After blood supply has been restored after a stroke what can continue to cause damage? How long do you have to give treatment and what is this called? Free radicals 2-3h - therapeutic windown
What does ischaemia create in terms of neurons and what is it surround by? A core of neurons undergo irreversible ischaemic cell death - surround by a penumbra of tissue which is susceptible to cell death over the next 2-3h.
What effect should an ionotropic GluR antagonist or Glu release inhibitor have on neurons? Protect neurons from damage.
Why is there an anti-excitotoxic hypothesis? NMDAR antagonist, channel blocker, glycine site antagonists + AMPAR antagonist (NBQX) failed to live up to potential.
What have been the problems with treatments that try to decrease the effect of increased glutamate? Cause ataxia, memory loss and hallucinations.
What are the two underlying problems with targeting glutamatergic receptors? 1) Hard to separate effect on abnormal glutamatergic transmission and normal physiological transmission. 2) Stroke is multifactorial disorder - more than just glutamate receptors involved.
What characterises ALS (amyotrophic lateral sclerosis), symptoms and histology. 1) Muscle weakness>paralysis>death 2) Loss of upper and lower motoneurons.
When is ALS usually diagnosed and how long do people usually survive post diagnosis? 50s, 2-5 years.
What happens in terms of glutamate levels? How does this happen? Which receptor type is effected and what does this lead to? 1) Increase 2) Glu glial transporters selectively lost 3) Increase Ca2+ through AMPAR, cell death.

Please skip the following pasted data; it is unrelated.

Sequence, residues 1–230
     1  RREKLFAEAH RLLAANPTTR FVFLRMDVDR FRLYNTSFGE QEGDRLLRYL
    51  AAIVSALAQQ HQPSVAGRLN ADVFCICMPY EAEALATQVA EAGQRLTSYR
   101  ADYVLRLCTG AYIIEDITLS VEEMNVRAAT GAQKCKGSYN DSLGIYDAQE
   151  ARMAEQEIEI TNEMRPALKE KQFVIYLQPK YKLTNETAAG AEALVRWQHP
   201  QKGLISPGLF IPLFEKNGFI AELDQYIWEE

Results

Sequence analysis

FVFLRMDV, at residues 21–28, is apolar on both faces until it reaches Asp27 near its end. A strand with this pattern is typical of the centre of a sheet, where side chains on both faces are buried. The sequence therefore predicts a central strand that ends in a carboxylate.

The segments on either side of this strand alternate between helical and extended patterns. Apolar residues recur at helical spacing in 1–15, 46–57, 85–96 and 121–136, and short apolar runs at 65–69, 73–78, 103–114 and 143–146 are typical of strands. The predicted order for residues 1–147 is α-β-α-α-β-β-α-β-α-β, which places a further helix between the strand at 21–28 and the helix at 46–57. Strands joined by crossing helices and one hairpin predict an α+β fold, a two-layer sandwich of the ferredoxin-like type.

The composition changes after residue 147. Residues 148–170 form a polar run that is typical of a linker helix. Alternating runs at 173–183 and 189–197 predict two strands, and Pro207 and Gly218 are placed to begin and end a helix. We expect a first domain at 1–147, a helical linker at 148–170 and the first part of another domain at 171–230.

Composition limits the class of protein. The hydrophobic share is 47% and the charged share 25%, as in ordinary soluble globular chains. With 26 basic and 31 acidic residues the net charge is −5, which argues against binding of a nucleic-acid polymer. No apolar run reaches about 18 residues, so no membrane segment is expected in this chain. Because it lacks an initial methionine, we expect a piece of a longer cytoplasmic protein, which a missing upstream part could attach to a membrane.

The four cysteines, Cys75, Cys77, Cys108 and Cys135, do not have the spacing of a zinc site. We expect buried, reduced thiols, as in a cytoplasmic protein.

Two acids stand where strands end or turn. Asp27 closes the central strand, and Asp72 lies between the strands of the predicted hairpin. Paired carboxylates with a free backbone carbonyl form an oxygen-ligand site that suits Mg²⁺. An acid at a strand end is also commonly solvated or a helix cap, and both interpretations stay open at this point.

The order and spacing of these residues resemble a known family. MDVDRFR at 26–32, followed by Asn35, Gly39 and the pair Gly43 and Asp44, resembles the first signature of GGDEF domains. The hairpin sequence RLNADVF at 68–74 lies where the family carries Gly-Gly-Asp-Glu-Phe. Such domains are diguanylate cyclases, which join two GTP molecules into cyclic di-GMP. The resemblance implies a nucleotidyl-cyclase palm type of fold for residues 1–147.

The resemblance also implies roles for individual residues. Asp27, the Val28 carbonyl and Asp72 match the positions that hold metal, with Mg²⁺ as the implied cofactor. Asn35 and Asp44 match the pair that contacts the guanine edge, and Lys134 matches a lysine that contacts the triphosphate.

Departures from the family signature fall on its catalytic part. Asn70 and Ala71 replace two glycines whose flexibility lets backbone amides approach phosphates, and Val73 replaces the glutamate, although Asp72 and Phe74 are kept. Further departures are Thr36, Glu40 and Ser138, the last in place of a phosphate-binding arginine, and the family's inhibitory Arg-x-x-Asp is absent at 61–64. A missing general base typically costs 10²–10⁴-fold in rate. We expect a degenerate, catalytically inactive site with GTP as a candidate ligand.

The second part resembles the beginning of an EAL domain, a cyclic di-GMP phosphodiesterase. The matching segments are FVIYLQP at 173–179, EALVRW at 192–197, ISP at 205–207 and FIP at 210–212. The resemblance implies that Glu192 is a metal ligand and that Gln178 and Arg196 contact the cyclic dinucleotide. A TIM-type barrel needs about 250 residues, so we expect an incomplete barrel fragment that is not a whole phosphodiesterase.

What is Riluzole? Glutamate release inhibitor and Na channel blocker - Treat ALS, modest increase in survival after taking drug for 1 year.
What is domoic acid/domoate? Where is it found? Potent AMPAR/KAR agonist - found in contaminated shellfish of West coast of USA and Canada.
What happens in amnesic shellfish poisoning? Why? 1) loss of short term memory 2) motor weakness 3) seizures 4) death Domoate can cross the BBB
What would expect to see in the hippocampus of an animal which ingested domoic acid? Atrophy - loss of neurons, vacuolisation and band of damaged tissue (white scarring).
What is the kindling response? Experimental form of epilepsy. Repeated low intensity stimulation of amygdala conditions it to further low intensity stimulation which leads to seizures.
What effect to NMDAR antagonists have on seizures? Prevent them.
How do repeated seizures lead to excitotoxicity? Increase Glu concentration
What is Rasmussen's enchephalitis? A very rare and severe form of human epilepsy - AMPAR antibodies created causing them to activate creating an epileptic focus.
What is PERAMPANEL? Negative Allosteric Modulator of AMPARs - treats partial seizures